Tuesday, June 22, 2010
Here's some recent work, made as part of a Facebook game. One of my friends posted, offering to make something for the first five people who responded, as long as those five people in turn offered make something for five people. That sounded like fun, so I responded (and received a beautiful felted wool bowl from Sara).
I decided to make cyanotype prints for my five pieces. I was in the middle of printing work for my exhibit at McCord Gallery (currently in it's final week-the show ends on Saturday), so it was easy to run a few more prints. These are all approximately 8.5 X 11 inches, cyanotype on Arches cold press paper.
The first one, at the top of the post, was made for Dan Jarvis, who is exhibiting with me at McCord (I gave him his print the day we hung the show). His piece is based on a collage I made back in February. The second one, made for Heather in Belligham, WA, is based on a collage postcard I made about a year and a half ago. The one immediately above this text was made for Kat. The image is one I shot for my show at McCord but didn't use. I couldn't resist making it for Kat, as she's been making really great paintings based on used menstrual pads.
This one was made for my sister Kelly. Her reply to my post announcing this read 'my hovercraft is full of eels', a line from Monty Python that has been stuck in my head like an earworm since I was about fourteen. I just interpreted that phrase literally.
This one was made for Melissa, who teaches Art Appreciation at the same school I do. The original image was made by placing a piece cut from an old Artforum magazine into a slide mount and scanning it.
Are you an artist or creative type, and are you on Facebook? Do your own pay it forward challenge. Making work for specific people is fun and rewarding.
You can also visit my Facebook fan page.
Monday, June 14, 2010
This is my final post of images from my exhibit with Dan Jarvis currently on display at McCord Gallery. The exhibit goes until June 26, so you still have time to see it.
These pieces are all collaborative pieces between Dan and myself.
The working method was pretty simple. I shot a roll of film, purposefully underexposing it by one full stop. I concentrated on shooting the same sorts of images as my work in the show, images from old magazines.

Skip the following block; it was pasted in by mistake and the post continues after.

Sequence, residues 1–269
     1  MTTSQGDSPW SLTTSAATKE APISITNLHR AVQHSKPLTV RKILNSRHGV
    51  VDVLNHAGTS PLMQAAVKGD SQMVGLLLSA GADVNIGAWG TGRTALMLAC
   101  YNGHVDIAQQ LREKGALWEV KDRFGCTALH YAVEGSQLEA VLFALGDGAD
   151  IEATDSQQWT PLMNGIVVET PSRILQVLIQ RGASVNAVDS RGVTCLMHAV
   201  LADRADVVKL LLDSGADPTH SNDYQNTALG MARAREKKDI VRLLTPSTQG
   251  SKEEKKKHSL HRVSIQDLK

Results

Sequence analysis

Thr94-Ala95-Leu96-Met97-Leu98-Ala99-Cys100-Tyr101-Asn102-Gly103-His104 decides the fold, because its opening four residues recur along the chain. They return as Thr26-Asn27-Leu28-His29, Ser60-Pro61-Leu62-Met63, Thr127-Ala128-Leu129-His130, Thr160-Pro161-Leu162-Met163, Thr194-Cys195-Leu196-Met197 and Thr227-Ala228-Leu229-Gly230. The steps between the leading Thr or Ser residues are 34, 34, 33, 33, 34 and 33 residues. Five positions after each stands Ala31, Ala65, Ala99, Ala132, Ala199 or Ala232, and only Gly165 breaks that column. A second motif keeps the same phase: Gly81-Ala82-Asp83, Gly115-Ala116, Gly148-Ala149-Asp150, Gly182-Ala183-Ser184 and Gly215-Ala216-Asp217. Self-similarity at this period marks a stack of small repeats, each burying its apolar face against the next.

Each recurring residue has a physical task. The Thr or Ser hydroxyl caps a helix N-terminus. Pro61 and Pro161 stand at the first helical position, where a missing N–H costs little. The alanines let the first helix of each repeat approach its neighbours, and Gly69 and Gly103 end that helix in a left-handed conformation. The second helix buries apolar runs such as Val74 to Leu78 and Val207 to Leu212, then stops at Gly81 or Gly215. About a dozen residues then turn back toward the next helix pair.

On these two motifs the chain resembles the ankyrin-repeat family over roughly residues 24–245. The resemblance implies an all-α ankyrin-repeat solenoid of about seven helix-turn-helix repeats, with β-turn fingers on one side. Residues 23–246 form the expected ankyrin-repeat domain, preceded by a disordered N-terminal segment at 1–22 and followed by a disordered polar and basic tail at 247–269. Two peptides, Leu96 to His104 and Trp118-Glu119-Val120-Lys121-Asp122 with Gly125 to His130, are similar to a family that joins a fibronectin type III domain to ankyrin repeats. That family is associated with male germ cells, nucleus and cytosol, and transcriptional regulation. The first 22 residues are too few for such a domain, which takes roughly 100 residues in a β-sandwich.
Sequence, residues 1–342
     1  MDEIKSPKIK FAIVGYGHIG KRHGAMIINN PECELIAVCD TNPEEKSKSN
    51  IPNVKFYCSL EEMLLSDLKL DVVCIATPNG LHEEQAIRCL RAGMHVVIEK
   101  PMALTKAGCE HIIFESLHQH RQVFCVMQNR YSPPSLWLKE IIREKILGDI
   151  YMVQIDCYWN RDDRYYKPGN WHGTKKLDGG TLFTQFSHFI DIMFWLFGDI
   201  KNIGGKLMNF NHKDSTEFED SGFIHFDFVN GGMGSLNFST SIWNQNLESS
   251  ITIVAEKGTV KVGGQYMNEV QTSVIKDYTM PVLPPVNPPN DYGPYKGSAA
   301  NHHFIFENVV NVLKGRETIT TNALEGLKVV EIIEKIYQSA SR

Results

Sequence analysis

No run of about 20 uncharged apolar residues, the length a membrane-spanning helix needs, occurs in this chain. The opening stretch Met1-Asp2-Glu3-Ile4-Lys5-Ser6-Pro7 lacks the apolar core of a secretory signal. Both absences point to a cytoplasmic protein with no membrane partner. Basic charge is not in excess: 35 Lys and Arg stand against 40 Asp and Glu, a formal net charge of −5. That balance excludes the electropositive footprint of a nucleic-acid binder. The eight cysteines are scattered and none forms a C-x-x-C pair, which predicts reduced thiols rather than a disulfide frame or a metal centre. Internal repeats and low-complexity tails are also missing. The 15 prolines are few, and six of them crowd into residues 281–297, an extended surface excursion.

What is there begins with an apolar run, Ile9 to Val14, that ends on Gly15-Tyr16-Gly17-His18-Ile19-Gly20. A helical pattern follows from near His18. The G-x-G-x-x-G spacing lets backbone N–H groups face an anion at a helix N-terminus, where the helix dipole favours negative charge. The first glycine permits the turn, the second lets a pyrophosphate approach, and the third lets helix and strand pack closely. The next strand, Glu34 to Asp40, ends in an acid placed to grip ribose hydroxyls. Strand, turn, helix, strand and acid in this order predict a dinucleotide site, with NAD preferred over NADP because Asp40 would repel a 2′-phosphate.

After shooting, I wound the roll slowly into my camera (to leave the leader exposed), and gave the film to Dan. He shot the same film, also underexposed, concentrating on signs and suburban scenes.
The film was developed, and scanned in long strips. Dan and I chose pieces from these strips of scanned negatives to print.
Keeping with the experimental nature of these pieces, we did minimal adjustments to the scans. Dust, color shifts (it was expired film), etc. were considered part of the images and largely left intact.
We made large (approx. 13 X 19 inch) archival inkjet prints of these images (and a couple more not seen here) and hung them unframed in one of the rooms at McCord Gallery.
These turned out better than Dan and I were expecting. We actually like them quite a bit, and are thinking of doing a similar collaboration in the future.
Tuesday, June 8, 2010
Here are more of the pieces I'm currently exhibiting at McCord Gallery in Palos Park, IL. Click on any of these to see a larger version.
I have twelve pieces in the show, along with some collaborative pieces made with Dan Jarvis, which I'll post in a few days.
I didn't get a chance to shoot two of the pieces before hanging them, so obviously I can't post those here.
As I mentioned in the last post, these are all cyanotype prints, measuring 13 X 19 inches.
Tyler Hewitt and Dan Jarvis
9602 West Creek Road (130th St. at La Grange Ave),
Palos Park, IL
May 25-June 26, 2010
Thursday, June 3, 2010
The opening reception for my two-person exhibit with Dan Jarvis was last Friday. Thanks to those who made it out there. For those who didn't, I'll share some of my pieces in the exhibit over the next few days.
These pieces are all cyanotype prints, and all measure 13 X 19 inches. They were all shot the same way, by placing pages from old 1950's and 1960's era homemaker's magazines on a light table and shooting throuhgh a macro lens.
The resulting photos show the interactions between the images and text on both sides of the magazine page. They were edited as little as possible, an element of chance being an important part of the process.
I'll post a few more n a couple of days. Click on any of the images to see a larger version.